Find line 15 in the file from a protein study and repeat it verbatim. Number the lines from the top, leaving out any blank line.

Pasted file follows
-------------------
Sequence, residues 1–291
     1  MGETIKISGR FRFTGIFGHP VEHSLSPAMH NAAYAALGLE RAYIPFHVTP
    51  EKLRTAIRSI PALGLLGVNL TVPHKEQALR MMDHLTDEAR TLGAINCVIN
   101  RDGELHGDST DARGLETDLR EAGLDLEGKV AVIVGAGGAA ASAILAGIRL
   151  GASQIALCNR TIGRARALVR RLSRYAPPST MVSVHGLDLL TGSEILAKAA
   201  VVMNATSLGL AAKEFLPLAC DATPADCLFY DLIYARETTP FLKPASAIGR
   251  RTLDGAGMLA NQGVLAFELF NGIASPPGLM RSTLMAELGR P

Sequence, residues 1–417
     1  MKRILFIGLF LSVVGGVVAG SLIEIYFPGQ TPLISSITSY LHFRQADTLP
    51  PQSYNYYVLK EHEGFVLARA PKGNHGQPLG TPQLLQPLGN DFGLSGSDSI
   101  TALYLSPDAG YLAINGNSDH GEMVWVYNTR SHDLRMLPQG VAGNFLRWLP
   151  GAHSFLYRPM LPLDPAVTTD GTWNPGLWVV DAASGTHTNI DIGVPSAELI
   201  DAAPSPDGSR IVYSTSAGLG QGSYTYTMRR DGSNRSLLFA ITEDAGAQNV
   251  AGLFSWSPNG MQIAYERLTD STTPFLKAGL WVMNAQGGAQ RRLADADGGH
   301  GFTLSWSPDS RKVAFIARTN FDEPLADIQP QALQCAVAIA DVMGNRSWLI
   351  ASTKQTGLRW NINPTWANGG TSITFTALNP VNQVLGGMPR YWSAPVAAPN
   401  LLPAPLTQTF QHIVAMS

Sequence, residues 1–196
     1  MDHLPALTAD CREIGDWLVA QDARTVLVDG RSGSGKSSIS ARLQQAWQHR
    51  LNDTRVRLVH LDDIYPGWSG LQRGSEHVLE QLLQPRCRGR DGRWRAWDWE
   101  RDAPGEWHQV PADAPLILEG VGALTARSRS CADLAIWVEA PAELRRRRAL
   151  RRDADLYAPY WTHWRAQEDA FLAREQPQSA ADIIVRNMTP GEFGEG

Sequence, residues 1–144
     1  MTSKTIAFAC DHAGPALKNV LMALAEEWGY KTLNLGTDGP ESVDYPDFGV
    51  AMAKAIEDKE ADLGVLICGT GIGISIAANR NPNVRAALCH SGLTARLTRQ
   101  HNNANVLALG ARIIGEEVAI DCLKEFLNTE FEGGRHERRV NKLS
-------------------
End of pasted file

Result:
   301  GFTLSWSPDS RKVAFIARTN FDEPLADIQP QALQCAVAIA DVMGNRSWLI